Democracy is a political system that is associated with the idea that power or authority in a society rests with the people. In general, the people exercise their authority through elections in which they choose others to represent their interests in a formal legislative structure. Historians have identified two basic forms of democracy: direct democracy and representative democracy.
A direct democracy is one in which the citizens of the country participate directly in the decision-making process. For example, citizens play a direct role in the creation of laws and the administration of the justice system. Perhaps the best historical example is Ancient Athens. At the time, citizens met regularly to vote on matters concerning the city-state. In general, there are few examples of direct democracies due to the time-consuming nature of the system. In a modern democratic nation such as the United States, it is simply impractical for all citizens to participate in all aspects of governance. Whereas, in Ancient Athens, citizens were only considered to be land owning men, meaning that the vast majority of people in the society could not participate. As well, Ancient Athens was a much smaller geographical area, which made it more ideal for the principles of direct democracy.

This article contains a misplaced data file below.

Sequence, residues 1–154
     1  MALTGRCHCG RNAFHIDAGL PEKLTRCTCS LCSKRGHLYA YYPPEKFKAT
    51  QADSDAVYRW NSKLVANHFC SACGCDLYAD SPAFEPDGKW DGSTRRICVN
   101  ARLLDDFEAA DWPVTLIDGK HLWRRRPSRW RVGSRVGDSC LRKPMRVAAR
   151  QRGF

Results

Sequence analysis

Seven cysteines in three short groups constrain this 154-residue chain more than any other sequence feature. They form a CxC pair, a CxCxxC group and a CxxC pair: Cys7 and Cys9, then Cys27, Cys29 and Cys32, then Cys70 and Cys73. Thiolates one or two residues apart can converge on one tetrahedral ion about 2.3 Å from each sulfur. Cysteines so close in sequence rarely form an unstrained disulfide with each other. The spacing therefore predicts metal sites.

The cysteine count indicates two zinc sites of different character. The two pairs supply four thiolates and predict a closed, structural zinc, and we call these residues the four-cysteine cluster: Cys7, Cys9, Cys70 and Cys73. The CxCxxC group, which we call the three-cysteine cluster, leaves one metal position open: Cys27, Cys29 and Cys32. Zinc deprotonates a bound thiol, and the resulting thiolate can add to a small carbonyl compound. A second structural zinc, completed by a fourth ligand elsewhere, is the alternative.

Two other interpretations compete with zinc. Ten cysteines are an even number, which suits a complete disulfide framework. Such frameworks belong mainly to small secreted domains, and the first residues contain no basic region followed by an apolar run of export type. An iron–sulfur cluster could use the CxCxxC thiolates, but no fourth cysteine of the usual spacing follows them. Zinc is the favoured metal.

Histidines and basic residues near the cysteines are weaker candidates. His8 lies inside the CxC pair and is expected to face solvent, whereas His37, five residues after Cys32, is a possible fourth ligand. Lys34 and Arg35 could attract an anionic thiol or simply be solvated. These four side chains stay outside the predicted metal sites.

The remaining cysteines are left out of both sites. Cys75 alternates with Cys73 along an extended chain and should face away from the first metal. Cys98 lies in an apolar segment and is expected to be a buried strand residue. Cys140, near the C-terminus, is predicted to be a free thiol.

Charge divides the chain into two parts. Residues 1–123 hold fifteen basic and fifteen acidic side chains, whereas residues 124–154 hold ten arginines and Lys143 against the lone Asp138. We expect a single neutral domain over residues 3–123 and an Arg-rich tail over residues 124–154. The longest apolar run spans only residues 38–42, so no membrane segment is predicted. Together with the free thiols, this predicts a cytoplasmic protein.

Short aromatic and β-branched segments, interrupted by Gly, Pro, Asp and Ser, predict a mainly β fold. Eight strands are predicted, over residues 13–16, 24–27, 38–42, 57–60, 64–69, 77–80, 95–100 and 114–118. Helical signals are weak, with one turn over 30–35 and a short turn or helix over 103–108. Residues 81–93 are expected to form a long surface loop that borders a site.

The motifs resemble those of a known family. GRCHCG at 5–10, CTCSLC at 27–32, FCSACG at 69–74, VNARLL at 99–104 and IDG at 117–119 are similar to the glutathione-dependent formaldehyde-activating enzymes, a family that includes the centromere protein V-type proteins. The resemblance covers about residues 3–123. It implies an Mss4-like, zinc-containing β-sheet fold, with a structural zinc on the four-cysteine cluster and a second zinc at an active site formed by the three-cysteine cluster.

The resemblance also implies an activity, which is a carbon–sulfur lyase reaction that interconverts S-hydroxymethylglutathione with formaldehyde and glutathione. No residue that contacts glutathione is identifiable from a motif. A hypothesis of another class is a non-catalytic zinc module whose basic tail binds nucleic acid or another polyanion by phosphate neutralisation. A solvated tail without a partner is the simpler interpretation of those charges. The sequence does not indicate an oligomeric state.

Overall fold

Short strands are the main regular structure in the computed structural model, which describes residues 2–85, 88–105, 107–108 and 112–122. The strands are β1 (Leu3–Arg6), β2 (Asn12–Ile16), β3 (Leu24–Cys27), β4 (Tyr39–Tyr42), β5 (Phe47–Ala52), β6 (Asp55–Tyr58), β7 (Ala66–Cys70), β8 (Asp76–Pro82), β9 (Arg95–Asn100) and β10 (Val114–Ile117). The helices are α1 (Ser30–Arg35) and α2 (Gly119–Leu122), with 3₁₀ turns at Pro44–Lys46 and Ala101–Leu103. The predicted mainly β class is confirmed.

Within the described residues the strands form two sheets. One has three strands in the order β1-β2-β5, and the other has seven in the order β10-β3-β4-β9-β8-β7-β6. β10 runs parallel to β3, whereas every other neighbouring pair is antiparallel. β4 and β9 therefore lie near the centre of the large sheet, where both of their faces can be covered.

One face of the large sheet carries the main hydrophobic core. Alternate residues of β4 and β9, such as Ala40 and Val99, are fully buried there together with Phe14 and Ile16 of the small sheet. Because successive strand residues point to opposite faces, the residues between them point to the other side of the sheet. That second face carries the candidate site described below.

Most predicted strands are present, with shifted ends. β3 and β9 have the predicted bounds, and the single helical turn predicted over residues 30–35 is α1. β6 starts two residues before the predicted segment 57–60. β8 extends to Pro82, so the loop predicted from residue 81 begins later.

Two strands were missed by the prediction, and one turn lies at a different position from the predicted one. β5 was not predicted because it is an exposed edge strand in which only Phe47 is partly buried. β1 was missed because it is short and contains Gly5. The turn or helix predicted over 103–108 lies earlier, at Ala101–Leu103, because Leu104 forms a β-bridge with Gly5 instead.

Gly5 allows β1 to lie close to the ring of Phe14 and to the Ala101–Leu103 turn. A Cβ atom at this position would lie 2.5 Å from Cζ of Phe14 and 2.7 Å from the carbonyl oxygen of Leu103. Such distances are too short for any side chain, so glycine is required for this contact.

Representative democracy is much more common today and is currently practiced in many countries, including: the United States, Canada, Britain, France, Australia, Germany, etc. In a representative democracy, the citizens elect people to represent their interests in the governance of the country. In general, representatives are elected at multiple levels of government, including: federal, state or provincial, and municipal. These representatives are then tasked with passing legislation that benefits the citizens who elected them. In this type of democracy, citizens have a say in the governance of the country in the form of regularly held elections. If the representatives are not acting in the best interest of the country, then citizens can elect new representatives in their place. Representative democracy is much more common today than direct democracy, because it is a much more efficient system. In large countries, with tens or hundreds of millions of citizens, it is impractical for all citizens to participate in the decision-making process. Representative democracy allows for citizens to express their wishes in the form of an election, but then leaves the main decision-making up to a small selection of representatives. This allows the citizens to focus on other matters and not be constantly bogged down with legislation. With that said, representative democracies include elements of direct democracy. For example, sometimes, representative democracies hold referendums or plebiscites. Simply put, a referendum is a singular vote in which citizens of a country vote on an important issue. For example, Canada has held several referendums in its history including: 1898 referendum on Prohibition and 1942 referendum on conscription in World War II. Another common feature of representative democracies is representation by population, which is the idea that each citizen should have the same representation in the government. Democracies attempt to achieve this by ensuring that each person, of legal age, is allowed to vote and that representation in the government is based upon equal populations. For example, in the United States, the Electoral College is based upon population. Heavily populated states receive more electors whereas less populated states receive fewer electors. This ensures that each state is equally represented in the election of the President, based upon their population. Although most representative democracies share these similarities, they are also vastly different based a few set of criteria, including: method of elections and the role and responsibilities of legislators. As such, representative democracy can take several different forms, including: constitutional monarchy, republic, liberal democracy, and more.